I'm a very advanced programmer in several languages. I don't know if that make of me a polyglot programmer, but I'm at least on the path.
Here are the thing I consider important to get this qualifier and some tips on how to get them.
First of all, you need to master several programming paradigms :
- Object oriented
- Event driven
To get to this point I suggest two things :
- Try programming languages that promote paradigms.
- Try paradigms in languages that do not promote them (it will show you what a given paradigm is about, what problems it does solve, and what the computer is actually doing when you use them). Good exercices are OOP in C (build the vtables manually, that's what real men do !) or non types languages in a strongly typed one (see std.variant for an exemple of that in D).
Then you'll have to know good practice and why they are good practice (remember, you have to know the WHY of a rule, so you know when to break it).
- Separation of concerns
- Naming (actually this is one of the most important because the code will tell you things throw names - for exemple, if you can't find a short and accurate name for a variable, then the variable isn't in the right place or its purpose isn't clear).
- Many other, so many actually that I can't do a list here, but I think I have already given some of the most important ones.
To progress on that point, I suggest books. The pragmatic programmer is a good one, clean code too. Code complete is excellent too, but quite hard to read, because it's big and very dense in informations (but that is also its strength !).
You need also to fail badly at applying thoses concept and ends up with code that looks like jungle. Hard to travel, hard to adapt, with unfriendly inhabitants. This last point is the key because it will teach you how to use the tools to get quality code. What is the matter if you know what is quality but can't master tools to create it or vice versa ?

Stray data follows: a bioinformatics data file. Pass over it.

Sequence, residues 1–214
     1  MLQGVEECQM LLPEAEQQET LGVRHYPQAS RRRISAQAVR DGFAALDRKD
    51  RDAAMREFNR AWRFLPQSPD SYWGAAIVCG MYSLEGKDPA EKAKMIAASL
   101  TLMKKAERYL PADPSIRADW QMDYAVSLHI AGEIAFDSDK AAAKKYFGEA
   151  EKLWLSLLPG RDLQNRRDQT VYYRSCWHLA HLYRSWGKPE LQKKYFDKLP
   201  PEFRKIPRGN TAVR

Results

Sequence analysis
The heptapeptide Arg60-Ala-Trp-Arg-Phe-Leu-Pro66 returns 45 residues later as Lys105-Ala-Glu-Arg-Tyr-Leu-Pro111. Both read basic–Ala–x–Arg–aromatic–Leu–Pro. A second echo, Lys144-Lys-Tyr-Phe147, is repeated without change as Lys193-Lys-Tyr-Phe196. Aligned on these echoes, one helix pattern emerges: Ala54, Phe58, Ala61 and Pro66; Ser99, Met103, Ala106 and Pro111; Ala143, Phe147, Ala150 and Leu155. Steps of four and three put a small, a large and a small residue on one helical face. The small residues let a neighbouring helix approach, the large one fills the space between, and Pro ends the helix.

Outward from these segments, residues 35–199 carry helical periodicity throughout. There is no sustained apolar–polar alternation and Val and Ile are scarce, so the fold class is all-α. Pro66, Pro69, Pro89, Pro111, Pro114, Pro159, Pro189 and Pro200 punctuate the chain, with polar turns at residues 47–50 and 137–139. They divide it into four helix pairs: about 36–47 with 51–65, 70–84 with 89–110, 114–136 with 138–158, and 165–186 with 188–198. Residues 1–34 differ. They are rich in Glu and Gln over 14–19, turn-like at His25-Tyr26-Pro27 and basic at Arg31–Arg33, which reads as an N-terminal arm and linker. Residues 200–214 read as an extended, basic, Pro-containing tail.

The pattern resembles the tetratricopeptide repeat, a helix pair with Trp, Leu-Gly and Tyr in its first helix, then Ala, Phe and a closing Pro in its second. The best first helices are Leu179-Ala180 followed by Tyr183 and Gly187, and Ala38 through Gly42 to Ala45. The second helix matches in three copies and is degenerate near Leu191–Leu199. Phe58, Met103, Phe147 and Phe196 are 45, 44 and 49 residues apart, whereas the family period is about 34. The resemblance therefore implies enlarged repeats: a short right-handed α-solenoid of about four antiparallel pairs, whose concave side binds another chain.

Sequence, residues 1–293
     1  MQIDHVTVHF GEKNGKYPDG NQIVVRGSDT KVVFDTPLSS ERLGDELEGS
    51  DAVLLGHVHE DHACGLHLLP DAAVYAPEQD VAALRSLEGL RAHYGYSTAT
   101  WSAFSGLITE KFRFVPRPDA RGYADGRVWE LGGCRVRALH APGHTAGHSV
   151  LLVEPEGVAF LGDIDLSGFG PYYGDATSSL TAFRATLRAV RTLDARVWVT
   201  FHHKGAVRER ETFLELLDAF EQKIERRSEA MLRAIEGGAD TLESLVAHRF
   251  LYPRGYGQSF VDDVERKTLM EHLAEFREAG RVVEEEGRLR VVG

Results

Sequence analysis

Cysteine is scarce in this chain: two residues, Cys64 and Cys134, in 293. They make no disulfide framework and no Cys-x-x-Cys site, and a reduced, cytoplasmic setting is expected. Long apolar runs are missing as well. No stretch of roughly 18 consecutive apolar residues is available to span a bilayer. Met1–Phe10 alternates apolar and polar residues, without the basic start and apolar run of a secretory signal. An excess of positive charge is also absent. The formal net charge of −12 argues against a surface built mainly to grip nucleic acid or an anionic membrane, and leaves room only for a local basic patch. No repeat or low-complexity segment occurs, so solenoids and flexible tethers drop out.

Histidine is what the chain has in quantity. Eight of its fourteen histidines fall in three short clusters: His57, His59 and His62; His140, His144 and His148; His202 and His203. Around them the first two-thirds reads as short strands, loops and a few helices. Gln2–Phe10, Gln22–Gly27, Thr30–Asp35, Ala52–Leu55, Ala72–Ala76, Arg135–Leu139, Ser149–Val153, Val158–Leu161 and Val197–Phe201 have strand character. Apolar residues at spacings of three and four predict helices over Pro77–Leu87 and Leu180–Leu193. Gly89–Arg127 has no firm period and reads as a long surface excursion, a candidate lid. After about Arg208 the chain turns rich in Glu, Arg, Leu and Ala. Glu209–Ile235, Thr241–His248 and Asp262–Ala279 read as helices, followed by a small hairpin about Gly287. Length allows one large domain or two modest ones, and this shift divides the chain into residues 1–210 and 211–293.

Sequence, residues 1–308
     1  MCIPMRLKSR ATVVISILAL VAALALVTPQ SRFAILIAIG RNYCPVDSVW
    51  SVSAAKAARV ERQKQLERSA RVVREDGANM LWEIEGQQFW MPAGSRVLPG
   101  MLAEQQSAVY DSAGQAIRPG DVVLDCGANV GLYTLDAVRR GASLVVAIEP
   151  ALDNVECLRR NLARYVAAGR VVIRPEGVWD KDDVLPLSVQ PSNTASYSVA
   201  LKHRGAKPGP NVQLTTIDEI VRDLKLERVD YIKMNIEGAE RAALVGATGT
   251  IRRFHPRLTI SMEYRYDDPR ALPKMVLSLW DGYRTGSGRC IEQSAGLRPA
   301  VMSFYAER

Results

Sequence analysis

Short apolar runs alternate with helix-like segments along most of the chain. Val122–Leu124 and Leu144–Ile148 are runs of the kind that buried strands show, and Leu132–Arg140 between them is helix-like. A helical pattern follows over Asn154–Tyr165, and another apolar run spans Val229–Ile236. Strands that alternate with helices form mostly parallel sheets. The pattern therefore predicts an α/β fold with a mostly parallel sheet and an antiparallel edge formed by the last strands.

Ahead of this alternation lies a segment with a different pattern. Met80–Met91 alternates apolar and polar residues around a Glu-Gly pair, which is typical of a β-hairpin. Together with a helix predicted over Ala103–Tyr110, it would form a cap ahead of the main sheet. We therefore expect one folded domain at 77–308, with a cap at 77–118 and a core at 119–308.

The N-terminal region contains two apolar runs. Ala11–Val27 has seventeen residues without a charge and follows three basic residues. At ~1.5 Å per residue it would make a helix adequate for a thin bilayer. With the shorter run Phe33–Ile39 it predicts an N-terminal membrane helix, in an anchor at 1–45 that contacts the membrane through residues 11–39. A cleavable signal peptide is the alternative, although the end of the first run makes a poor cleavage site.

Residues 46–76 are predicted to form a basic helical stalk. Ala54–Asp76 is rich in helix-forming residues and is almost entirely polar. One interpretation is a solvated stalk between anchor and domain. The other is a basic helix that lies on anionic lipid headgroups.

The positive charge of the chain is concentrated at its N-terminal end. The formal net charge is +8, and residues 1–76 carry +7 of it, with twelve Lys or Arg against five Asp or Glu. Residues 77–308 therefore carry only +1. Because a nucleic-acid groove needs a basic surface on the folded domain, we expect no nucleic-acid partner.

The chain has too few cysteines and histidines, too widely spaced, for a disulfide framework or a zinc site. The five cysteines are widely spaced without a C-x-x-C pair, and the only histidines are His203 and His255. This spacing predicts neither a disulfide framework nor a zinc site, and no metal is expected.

If you master the given point, you can consider yourself as a polyglot programmer IMO. By the way, this isn't all you need to be the greatest programmer. Computer science, knowledge on current technologies, management of yourself (sometime of others :D), understanding of the requirement, and so many other are required.
As a final tips, I suggest you to get involved in a recent language under active devellopement. This will teach you how language are created and why. This will teach you the limitation of actual languages, the difficulties you face to get better alternative (if that was easy, I would have been done in a first place !). Mine is D. It is also a multiparadigm language, so it is a good candidate. Choose yours !
Good luck. This require work, but it worth it !